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Special Contribution
May 4, 1964

Septic Shock

Author Affiliations

Boston

From the Department of Surgery, Beth Israel Hospital, Harvard Medical School.

JAMA. 1964;188(5):427-432. doi:10.1001/jama.1964.03060310027006
Abstract

In THIS STATEMENT I will undertake to demonstrate that when traumatic shock fails to yield to appropriate treatment, death occurs because of the injury produced by a persisting deficiency of flow in the splanchnic circulation. Furthermore, as a corollary of this proposition, evidence will be given that treatment to improve flow in this area can succeed in relieving the state of shock when all other methods fail. This thesis will be stated in the form of an argument, followed by the evidence in support of it and, finally, by a summing up in which other views are considered.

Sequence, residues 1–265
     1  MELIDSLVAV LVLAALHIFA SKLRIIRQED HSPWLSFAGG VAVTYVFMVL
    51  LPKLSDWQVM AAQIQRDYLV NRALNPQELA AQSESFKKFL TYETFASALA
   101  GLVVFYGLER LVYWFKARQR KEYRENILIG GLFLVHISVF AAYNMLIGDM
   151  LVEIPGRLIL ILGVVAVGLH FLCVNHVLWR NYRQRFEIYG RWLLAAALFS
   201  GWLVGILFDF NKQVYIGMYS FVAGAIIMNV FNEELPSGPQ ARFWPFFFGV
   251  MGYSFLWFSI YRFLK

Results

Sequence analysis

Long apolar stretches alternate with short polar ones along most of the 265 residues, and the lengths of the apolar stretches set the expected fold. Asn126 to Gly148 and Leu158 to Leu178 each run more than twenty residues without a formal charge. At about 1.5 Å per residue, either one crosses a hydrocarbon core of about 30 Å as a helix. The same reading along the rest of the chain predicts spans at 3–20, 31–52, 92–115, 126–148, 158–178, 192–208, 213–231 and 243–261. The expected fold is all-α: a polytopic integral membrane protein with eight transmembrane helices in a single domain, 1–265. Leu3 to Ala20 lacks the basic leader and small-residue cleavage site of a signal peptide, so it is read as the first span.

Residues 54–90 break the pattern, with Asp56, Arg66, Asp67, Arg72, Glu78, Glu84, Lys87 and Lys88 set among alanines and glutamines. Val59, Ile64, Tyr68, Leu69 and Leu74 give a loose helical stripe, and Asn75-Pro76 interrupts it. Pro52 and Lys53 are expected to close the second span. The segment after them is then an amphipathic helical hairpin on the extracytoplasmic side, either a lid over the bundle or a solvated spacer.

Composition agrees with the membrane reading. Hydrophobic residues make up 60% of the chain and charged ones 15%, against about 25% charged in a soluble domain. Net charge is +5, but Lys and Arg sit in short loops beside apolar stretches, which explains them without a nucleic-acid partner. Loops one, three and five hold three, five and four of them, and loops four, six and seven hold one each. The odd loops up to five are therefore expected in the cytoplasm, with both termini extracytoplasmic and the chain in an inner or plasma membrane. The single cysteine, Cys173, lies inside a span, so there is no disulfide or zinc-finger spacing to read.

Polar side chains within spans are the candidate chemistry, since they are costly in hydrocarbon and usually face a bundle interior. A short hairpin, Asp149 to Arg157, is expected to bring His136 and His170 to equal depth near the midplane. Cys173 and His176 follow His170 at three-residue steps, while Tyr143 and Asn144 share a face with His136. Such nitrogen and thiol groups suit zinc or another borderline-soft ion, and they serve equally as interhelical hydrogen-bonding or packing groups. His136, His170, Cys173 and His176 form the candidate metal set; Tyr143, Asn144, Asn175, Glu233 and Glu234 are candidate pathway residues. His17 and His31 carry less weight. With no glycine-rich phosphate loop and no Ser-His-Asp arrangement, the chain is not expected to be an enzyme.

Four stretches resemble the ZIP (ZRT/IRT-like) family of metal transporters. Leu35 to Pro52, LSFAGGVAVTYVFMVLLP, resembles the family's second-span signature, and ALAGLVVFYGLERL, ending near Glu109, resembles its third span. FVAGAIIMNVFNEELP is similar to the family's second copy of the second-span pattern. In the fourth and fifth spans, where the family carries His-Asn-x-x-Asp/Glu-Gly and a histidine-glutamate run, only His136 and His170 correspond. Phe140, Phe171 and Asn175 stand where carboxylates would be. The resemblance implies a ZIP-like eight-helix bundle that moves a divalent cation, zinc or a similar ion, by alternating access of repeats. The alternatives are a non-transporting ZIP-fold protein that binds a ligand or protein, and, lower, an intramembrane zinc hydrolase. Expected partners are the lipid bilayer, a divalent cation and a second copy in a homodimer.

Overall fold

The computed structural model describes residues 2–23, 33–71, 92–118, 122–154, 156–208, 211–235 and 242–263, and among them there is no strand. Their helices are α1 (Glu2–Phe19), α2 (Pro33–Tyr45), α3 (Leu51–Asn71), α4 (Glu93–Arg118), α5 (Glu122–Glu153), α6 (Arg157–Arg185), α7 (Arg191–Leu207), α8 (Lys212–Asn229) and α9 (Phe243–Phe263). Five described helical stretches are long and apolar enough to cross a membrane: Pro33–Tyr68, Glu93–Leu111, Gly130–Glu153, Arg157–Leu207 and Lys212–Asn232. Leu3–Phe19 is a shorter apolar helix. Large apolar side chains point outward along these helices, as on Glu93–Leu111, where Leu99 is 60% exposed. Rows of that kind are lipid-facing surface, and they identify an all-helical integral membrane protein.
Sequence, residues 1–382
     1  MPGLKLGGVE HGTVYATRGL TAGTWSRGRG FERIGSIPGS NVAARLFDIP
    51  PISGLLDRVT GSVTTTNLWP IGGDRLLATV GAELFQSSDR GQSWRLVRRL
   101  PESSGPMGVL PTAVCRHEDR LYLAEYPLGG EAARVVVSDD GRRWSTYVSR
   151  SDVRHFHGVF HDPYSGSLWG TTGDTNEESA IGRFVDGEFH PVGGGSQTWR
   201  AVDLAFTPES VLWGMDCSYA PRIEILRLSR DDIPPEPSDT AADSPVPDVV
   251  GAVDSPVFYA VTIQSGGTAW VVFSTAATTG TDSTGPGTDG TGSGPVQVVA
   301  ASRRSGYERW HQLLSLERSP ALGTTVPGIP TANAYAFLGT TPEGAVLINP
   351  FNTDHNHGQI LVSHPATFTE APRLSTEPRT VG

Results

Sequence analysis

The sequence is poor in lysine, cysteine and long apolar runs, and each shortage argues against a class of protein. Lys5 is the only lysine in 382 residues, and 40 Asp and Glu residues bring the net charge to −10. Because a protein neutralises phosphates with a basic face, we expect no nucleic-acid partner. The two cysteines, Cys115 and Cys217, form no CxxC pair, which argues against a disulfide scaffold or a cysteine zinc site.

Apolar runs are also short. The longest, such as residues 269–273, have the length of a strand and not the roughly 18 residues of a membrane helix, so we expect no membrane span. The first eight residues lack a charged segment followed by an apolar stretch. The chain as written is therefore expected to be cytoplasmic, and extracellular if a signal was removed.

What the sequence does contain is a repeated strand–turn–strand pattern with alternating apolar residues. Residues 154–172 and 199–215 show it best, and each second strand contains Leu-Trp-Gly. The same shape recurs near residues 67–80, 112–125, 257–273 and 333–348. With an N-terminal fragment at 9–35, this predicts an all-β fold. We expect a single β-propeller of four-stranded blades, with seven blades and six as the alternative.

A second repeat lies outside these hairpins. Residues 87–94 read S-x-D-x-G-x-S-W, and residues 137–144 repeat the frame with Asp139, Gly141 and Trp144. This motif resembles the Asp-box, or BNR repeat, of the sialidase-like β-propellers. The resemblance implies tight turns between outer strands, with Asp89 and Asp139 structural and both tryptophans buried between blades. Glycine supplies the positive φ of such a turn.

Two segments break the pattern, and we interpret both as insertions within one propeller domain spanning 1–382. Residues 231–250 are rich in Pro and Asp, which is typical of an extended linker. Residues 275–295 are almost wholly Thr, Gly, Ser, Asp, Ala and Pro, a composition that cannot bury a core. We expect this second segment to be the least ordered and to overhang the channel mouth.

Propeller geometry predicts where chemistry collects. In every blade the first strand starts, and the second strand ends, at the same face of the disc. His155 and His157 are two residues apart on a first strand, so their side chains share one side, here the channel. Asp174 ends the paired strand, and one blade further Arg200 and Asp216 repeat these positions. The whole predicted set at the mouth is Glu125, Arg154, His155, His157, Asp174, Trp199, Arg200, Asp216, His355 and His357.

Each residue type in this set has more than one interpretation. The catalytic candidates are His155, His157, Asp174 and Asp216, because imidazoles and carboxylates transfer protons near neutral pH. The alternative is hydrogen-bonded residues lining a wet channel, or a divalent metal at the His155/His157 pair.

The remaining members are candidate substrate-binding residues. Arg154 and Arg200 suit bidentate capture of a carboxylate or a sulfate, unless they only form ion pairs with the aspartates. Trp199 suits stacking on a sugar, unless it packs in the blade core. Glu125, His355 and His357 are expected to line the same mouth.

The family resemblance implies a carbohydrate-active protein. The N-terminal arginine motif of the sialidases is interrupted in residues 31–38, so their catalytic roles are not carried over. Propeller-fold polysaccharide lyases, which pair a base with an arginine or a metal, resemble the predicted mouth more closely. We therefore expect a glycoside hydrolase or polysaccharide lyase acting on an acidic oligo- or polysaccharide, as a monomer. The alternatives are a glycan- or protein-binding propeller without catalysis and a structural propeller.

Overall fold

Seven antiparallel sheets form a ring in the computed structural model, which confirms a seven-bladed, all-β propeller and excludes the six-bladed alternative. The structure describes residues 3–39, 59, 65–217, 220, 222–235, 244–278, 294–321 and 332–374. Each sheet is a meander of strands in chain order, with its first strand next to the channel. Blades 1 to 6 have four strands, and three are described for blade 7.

The Argument  The critical feature common to all forms of traumatic shock is an acute and persisting deficiency of flow through the peripheral vessels. The longer it persists, the more likely the resulting injury will become irreversible, in which case death will follow in a matter of hours. The threat to life

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